Our critics recommend these shows.

Art Capsule Reviews 

Our critics recommend these shows.

Orly Cogan and Elizabeth Huey Tiered white cake, sprinkle-sotted doughnuts, whipped meringue, cakes erupting with perfectly spherical maraschinos, crosshatched apple pie, cupcakes beckoning with a bright confetti of fixings. Orly Cogan makes pretty pastries from doilies, macramé, ribbons, pom-poms and yarn, all with the impeccable presentation of a perfectionist home-ec-teacher-cum-pastry-chef. This table of inedible treats is the physical centerpiece of her exhibit Sew Good. Cogan's tapestries line the room — and there float lithe naiads, pneumatic cherubs and colliding lovers, their faces articulated only by slender lines of pastel stitching. Elizabeth Huey's The Conservatory is a series of paintings in which histories intersect in an eerily detached wrinkle of warped time: Papal rites and baptisms transpire among bathing nymphs and congregating pilgrims, and a marbled brook runs through an American wilderness colonized by English Tudor-style houses. Huey presents a deliberately confused and fractured suspension of the grade-school Euro-American storyline. Through Oct. 27 at the Bryon Cohen Gallery, 2020 Baltimore, 816-421-5775. (Ashley Brown)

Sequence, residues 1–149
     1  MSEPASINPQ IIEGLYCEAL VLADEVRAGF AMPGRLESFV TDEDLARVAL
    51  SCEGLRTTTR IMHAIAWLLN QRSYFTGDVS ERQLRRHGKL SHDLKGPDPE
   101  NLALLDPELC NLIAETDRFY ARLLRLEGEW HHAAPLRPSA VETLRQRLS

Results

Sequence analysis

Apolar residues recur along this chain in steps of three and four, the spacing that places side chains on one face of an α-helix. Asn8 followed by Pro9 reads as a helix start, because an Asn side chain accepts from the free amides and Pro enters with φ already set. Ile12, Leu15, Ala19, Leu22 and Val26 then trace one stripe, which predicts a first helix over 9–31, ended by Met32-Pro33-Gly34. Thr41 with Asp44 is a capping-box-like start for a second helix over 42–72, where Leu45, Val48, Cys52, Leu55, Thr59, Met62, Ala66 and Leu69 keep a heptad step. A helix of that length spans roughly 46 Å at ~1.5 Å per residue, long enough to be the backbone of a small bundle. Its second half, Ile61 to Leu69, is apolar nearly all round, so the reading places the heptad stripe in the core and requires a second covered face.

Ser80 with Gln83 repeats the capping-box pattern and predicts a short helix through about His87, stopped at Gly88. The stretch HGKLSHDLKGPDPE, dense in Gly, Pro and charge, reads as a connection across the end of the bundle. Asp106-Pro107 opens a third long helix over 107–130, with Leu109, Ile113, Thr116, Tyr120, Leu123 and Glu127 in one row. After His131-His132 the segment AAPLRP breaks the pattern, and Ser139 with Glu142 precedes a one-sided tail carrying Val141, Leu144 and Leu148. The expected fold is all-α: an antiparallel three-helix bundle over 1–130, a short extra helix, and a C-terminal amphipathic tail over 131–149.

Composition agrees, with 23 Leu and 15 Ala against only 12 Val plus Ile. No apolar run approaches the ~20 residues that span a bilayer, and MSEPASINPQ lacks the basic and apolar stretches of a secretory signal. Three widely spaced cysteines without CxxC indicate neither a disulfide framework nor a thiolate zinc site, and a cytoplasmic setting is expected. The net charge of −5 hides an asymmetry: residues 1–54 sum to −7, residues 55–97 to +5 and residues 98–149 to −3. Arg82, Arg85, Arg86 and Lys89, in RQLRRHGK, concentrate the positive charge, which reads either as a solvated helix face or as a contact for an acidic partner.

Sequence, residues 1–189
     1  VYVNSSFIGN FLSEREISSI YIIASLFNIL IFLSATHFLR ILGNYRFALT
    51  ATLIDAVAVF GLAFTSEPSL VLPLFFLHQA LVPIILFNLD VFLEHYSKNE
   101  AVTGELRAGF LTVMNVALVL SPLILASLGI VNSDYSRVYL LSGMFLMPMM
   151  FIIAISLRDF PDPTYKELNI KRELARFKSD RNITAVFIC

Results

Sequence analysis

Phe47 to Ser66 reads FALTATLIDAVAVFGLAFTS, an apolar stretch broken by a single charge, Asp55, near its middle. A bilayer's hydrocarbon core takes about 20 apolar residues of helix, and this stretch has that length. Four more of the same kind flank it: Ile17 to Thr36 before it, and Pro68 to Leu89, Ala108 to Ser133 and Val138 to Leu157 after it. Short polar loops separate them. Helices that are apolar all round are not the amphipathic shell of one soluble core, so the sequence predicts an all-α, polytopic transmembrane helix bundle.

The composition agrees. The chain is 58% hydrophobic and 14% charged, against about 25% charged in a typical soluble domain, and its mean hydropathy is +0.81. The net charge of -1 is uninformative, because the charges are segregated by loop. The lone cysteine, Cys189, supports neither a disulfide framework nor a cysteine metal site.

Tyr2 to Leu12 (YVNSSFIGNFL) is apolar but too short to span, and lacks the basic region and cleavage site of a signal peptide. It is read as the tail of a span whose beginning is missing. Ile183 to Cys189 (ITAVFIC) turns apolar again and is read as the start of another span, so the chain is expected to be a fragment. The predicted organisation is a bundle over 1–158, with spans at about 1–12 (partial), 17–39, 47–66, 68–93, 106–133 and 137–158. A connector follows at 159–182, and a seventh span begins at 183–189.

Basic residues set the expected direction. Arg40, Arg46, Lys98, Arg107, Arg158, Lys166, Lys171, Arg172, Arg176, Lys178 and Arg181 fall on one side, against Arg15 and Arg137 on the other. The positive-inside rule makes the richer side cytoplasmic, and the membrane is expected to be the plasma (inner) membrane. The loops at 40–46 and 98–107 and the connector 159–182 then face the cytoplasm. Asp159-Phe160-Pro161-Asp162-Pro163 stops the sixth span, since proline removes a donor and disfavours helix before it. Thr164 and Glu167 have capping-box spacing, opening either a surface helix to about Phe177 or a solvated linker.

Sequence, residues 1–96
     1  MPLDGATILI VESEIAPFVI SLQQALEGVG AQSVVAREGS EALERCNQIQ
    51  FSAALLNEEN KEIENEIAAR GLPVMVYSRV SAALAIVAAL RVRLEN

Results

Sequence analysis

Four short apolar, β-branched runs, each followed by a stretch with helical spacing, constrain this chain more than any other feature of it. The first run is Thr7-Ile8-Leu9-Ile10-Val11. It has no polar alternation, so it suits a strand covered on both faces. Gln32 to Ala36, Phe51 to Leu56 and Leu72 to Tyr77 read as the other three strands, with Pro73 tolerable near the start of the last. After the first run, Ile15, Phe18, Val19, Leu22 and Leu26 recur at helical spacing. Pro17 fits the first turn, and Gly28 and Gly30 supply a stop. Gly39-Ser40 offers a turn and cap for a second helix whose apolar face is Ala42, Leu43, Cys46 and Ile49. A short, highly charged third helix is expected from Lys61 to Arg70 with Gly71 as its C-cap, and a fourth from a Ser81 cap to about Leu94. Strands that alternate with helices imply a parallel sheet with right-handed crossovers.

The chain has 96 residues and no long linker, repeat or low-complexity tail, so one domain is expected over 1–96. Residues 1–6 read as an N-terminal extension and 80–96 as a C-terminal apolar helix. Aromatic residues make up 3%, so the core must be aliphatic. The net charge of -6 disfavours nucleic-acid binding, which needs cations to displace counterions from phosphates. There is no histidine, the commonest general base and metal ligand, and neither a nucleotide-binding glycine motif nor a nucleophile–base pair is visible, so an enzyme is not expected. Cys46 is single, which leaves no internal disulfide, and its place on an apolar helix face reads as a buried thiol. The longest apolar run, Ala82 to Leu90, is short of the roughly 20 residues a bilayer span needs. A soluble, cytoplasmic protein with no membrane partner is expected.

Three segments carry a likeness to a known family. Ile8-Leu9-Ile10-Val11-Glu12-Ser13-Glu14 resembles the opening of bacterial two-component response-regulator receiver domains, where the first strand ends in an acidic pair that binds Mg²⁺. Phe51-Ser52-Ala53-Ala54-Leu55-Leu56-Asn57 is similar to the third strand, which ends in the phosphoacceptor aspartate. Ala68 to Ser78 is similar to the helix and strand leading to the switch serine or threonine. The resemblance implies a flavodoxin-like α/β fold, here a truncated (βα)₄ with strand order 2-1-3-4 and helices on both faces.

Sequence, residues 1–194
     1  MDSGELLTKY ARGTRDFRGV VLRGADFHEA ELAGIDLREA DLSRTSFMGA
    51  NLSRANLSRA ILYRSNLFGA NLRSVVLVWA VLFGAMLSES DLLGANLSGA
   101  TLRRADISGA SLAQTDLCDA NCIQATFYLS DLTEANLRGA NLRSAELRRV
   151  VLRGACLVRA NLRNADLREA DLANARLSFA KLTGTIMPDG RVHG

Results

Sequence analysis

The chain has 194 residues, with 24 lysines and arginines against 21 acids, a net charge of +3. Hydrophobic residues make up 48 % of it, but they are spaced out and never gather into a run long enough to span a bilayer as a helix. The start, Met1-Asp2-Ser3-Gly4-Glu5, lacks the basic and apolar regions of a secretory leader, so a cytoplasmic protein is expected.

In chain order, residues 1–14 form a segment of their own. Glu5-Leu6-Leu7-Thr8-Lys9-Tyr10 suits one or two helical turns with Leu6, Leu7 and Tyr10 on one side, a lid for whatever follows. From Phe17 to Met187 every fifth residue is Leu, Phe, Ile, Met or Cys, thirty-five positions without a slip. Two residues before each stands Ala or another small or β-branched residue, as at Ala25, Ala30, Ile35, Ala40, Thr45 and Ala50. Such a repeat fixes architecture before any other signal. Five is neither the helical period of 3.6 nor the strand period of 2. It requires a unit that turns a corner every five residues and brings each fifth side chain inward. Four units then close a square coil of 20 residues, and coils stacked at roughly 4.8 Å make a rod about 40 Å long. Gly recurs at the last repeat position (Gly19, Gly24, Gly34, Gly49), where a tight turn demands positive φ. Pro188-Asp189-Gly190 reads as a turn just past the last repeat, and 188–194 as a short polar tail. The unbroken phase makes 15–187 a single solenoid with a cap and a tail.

Ethos and Idiocracy: The Busts Sculptor E. Spencer Schubert doesn't claim to have multiple personalities, but these 32 unique faces suggest otherwise. "Some of them could potentially be a part of me, a part of my personality," he admits, laughing. "I am a twin, so maybe there is some duality there." The majority of the stone characters depict people by profession, such as "The Barrister," or by expression, as in "The Lost." Schubert hopes that viewers will also reflect on their own thoughts and experiences as they gaze into his cast of characters. Through Oct. 20 at Arts Incubator, 115 W. 18th St., 913-638-6634. (Lisa Horn)

Colby K. Smith There's a phenomenon called apophenia, defined as the mistaken detection of patterns within random data. This is how the Virgin Mary miraculously appears in the texture of flour tortillas. It is also a tool for interpreting the mixed-media artwork of Colby K. Smith. For his current exhibit, he deploys such construction materials as plaster, drywall tape, studded rubber mats and wire mesh to create works in which infrastructure aspires to be landscape. "Street Side" is a crisscross grid of plaster and rubber, "Straightscape" a graceful sweep of plaster evoking a horizon. Other pieces, such as "Grid #9" (a regimented sequence of black plastic end caps on a plaster background) and "25072" (a matrix of black rubber panels outlined with plaster and drywall tape), elaborate on the visual language Smith constructs but don't come with a Rosetta stone. Through Oct. 4 at the Late Show Gallery, 1600 Cherry, 816-474-1300. (Chris Packham)

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